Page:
September 6, 2013

Free to Choose

Yesterday afternoon I was breaking down cardboard boxes in the back room of the Free Market. It's our food pantry, clothing closet, and toiletry supply store all rolled into one. We lay all of the food out like a grocery store, or really more like a corner convenience store (it's small). It would probably be more efficient if we organized the food into basic categories like breads, proteins, vegetables, etc., and then packaged them all up into a ready-made bag that we could just hand to people and say, "Here it is, have a nice day!" That would take maybe one minute of our and their time, and we could move on to the next person. But we do it another way.

We set everything out and let people take their time shopping. It's a pale imitation of going to a supermarket, but that's what we shoot for. The idea is to let people have a choice in what they get. It's a dignity that many of us take for granted. We can go to the big grocery store and shop for food, deciding for ourselves if we're going to get cereal or brownies. Personally, I like to make bad decisions of the Krispy Kreme variety with a side of chocolate milk and a dash of cigarettes. Menthol, please and thank you very much. And I have the freedom to do just that, if I so choose.

That being said, we're in no position to criticize other bigger, probably better run organizations that more efficiently distribute groceries. It's just that we're small and so we can get away with doing it this way, at least for now. 

It's common to criticize homeless or poor or struggling people as needing to take responsibility for their own wellbeing, their own needs, their own lives. And they should, as we all should, inasmuch as we are able to do so. But responsibility is an outgrowth of freedom. You can see this in between the lines of the evangelist John's story about Jesus healing the man who was paralyzed.
When Jesus saw him lying there and knew that he had already been there a long time, he said to him, “Do you want to be healed?”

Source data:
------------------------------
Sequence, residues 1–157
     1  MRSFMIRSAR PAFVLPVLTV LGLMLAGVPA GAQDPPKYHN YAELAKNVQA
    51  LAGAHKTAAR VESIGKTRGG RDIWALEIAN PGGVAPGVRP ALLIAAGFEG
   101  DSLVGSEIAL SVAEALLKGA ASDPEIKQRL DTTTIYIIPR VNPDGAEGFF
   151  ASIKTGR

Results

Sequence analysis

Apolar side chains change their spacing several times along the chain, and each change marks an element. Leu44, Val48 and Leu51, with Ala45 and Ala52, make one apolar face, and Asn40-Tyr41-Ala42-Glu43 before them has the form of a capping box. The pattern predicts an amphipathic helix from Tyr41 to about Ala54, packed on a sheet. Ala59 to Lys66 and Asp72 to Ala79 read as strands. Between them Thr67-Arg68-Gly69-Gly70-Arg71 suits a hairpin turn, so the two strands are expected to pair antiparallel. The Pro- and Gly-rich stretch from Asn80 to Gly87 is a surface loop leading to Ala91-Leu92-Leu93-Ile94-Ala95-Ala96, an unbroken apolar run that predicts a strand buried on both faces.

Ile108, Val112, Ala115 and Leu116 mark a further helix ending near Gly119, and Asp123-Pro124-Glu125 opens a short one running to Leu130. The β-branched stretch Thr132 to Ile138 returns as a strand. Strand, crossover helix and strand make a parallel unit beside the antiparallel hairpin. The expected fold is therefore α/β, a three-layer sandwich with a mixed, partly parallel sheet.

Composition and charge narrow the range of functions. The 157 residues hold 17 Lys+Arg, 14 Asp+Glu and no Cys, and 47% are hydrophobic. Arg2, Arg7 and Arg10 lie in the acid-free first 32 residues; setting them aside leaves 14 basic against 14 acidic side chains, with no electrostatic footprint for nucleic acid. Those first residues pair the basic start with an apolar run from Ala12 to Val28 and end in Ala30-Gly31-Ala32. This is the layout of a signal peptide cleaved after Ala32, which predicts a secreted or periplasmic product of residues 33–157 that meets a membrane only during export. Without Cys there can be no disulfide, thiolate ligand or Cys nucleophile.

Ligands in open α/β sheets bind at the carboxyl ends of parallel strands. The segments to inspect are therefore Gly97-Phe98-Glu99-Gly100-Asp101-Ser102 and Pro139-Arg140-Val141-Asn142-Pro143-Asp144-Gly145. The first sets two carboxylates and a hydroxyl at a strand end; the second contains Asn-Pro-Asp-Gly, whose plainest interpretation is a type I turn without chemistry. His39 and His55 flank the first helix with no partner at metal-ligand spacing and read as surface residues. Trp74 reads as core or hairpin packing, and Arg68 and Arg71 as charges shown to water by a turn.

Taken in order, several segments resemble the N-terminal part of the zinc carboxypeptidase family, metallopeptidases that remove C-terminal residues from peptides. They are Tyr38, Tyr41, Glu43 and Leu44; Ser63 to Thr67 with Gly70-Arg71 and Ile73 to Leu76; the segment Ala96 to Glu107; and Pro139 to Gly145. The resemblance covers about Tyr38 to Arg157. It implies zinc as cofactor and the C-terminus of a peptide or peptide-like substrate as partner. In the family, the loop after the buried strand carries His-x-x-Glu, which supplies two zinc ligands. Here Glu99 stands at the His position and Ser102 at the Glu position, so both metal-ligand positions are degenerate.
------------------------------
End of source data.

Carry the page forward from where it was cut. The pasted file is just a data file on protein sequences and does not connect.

Christ gave the man a choice, and implied in that choice was both freedom and responsibility.
The sick man answered him, “Sir, I have no one to put me into the pool when the water is stirred up, and while I am going another steps down before me.” 
The man is so caught up in his living as a crippled beggar that he can hardly take this seriously, he can only see the reasons why he isn't healed, but his reply indicates clearly his desire.
Jesus said to him, “Get up, take up your bed, and walk.” And at once the man was healed, and he took up his bed and walked.
Jesus does his God thing, weaving nerves and muscle together in a way that knocks the wind out of the laws of physics, and the man is healed. And in that healing Jesus tells the man to get up and walk. While this sounds (and must have been) wonderful, it also meant that he was now responsible for his own life. He could no longer shrug his shoulders (but he could wiggle his toes!) and say that he was just a crippled beggar. He would have to work, he would have to tire himself out, he would have to decide how much effort he was willing to put into his own survival. Maybe he would even find a woman to marry and start a family and work even harder for their survival as well. Such thoughts were once little more than a dream; in that moment they became real possibility. So much work, so much responsibility, born out of this newfound freedom. 

Last time I checked, none of us here at the Well are able to miraculously cure the sick or disabled, but we may just be able to play a part in their healing. The physical condition is often beyond our skill to change very much, but the effect of it, the stigma or the warped self-conception, the lessening of their sense of freedom and responsibility, we can by God's grace speak to those things in little ways. Ways like offering them a choice and leaving it in their hands to decide. 

As I was breaking down boxes, I planned to use them as part of a garden bed in my back yard. The cardboard is helpful at keeping unwanted grass from growing up through the composted soil where I plant growing things. And then it it hit me that these boxes are often the only choice that our neighbors on the streets have to sleep on. A person's bed is my garden bed. And that's just looking at the extremes of poverty locally. Globally, the disparity is much worse.

I have so much more choice while another has so little, and this is called poverty. It is not the lack of nice things that constitutes poverty. It is the lack of a choice in the matter. I can chose to live in this or that neighborhood and to work this or that job and earn so much or so little money and eat this or that food. If I live where I do and work where I do and eat what I do, even if any of those are simple or meager or poor, it is my choice. I have options, and so I am wealthy. 

In whatever ways we can give people a choice, in whatever ways we can defer to their own decisions for their own life, we bear witness that they were made to be free, and to be responsible for those choices; in other words, a human being. Whatever change or growth or healing or restoration God works in their life, now or down the road, it will be a move towards becoming the freely choosing person that God made each of us to be.

May we work to alleviate each other's poverty. And in the end, may each of us choose life, abundantly.

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